Giovanni Francesco GIULIANI (c.1760-1818)
Sonata no.1 in C [6:22]
Sonata no.2 in B flat [7:59]
Sonata no.3 in E flat [6:06]
Sonata no.4 in F [4:27]
Sonata no.5 in E flat [5:35]
Sonata no.6 in C [7:18]
Sonata no.7 in B flat [5:57]
Sonata no.8 in F [6:14]
Sonata no.9 in F [6:23]
Sonata no.10 in B flat [6:20]
Sonata no.11 in E flat [7:47]
Sonata no.12 in C [8:05]
Lisetta Rossi (harp)
rec. Villa di Corliano, San Giuliano Terme, Pisa, Italy, 17-19 May 2010. DDD
Unlike his better-known compatriot and partial contemporary, the guitarist Mauro Giuliani, Italian composer Giovanni Francesco Giuliani was fortunate enough to be able to earn a living from writing instrumental music without needing to go abroad. He passed most of his life in Florence, which was undergoing a Vienna-influenced creative efflorescence not typical of Italy at that time.
Giuliani's Harp Sonatas are not listed in New Grove, but the booklet notes state that the manuscripts are held in the Luigi Cherubini Conservatory in Florence. Harp sonatas were a rarity in Italy, and in that regard these twelve constituted the bulk of the repertoire of the day! Unfortunately no composition dates are provided for the works, nor any indication as to how or if they were grouped by Giuliani.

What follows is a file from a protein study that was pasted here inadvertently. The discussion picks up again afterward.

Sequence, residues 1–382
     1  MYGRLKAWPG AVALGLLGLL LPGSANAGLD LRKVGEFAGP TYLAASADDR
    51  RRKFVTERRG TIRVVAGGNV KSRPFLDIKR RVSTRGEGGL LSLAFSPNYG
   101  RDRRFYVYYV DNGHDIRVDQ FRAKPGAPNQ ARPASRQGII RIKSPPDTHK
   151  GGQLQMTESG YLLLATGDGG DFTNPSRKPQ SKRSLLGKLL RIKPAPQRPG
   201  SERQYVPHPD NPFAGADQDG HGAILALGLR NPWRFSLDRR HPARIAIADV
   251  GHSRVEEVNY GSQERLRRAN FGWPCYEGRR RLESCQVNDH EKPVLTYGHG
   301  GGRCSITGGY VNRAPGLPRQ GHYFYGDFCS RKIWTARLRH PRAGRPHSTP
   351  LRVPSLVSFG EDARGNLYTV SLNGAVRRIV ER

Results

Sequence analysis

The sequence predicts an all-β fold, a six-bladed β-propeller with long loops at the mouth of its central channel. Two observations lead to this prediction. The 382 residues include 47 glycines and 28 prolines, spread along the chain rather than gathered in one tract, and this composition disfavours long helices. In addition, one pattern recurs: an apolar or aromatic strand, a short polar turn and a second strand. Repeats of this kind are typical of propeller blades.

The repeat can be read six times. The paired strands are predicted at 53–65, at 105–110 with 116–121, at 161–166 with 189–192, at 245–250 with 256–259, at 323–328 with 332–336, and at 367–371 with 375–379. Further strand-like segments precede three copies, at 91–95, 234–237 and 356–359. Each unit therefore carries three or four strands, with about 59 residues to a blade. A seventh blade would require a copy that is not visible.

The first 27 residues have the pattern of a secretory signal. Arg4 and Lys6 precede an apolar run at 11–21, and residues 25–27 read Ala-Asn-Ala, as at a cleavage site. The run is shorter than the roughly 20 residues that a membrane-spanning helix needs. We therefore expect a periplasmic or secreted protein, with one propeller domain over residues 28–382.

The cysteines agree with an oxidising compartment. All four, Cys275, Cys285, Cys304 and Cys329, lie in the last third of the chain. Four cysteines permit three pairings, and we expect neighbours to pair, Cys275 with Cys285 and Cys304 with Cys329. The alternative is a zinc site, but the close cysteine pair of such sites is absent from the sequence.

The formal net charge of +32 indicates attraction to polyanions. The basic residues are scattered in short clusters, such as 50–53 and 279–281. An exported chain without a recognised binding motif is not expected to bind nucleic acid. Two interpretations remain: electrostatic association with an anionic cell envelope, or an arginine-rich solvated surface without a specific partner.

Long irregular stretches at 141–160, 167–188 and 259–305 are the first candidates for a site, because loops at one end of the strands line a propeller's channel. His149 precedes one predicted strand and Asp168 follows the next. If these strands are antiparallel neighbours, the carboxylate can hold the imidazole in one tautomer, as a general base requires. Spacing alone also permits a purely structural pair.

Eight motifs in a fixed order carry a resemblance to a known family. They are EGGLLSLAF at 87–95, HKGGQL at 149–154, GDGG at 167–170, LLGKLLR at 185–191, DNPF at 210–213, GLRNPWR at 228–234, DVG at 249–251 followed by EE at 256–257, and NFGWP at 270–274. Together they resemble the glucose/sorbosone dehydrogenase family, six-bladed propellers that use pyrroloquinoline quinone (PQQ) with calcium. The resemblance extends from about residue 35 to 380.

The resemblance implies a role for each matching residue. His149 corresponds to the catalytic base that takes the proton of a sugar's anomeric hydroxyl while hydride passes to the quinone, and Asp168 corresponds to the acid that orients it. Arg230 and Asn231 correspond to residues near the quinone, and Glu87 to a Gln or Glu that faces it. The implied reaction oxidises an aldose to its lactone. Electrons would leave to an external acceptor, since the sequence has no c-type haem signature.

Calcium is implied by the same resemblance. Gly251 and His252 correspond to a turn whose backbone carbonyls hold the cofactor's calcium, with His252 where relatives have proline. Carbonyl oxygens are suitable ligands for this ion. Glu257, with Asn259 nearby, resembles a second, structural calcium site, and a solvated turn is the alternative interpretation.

As to the music, there is no disaffirming the fact that Giuliani is heavily influenced by Haydn and the Viennese style, but that is no bad thing. As quintessential Galant-style works, there is little in the way of profundity - no real sense of drama, no unexpected harmonic tension - but measured against the standards of the genre, they are exemplary. Cast in two to five movements and lasting around six minutes on average, these Sonatas are elegant, pellucid, mellifluous miniatures of decorous but substantial charm. Their relative interchangeability only becomes an issue if the Sonatas are heard end to end, yet even in that case a very assuasive hour-and-a-quarter awaits the listener, at the very least.
This very generously-timed CD is part of a 'Tuscan Musical Treasures' series which "aims to promote relatively unknown Tuscan music from the 16th to 18th centuries." Italian harpist Lisetta Rossi has been involved in the project for the last five years, uncovering and performing lost harp pieces by Tuscany-born or -based composers. This is the first complete recording of Giuliani's Sonatas.
Rossi plays with Classical poise and style, light but sure of touch and with an ear for fine, lyrical phrasing. She plays an original 1818 Erard single-action harp, which has a sweet, smooth, mellow sound. The cover photo shows detail from the harp itself, and for harp-spotters there is a full colour photo in the booklet.
Sound quality is very good. The English-Italian booklet notes are detailed, informative, well written and well translated. The notes on Giuliani are by musicologist Gabriele Giacomelli, those on the harp, almost as lengthy, by Rossi herself, who includes within her notes speculation on how her Erard harp might have found its way to America, eventually turning up in Pennsylvania in 1993!  


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Played with poise and style, light but sure of touch and with an ear for fine, lyrical phrasing.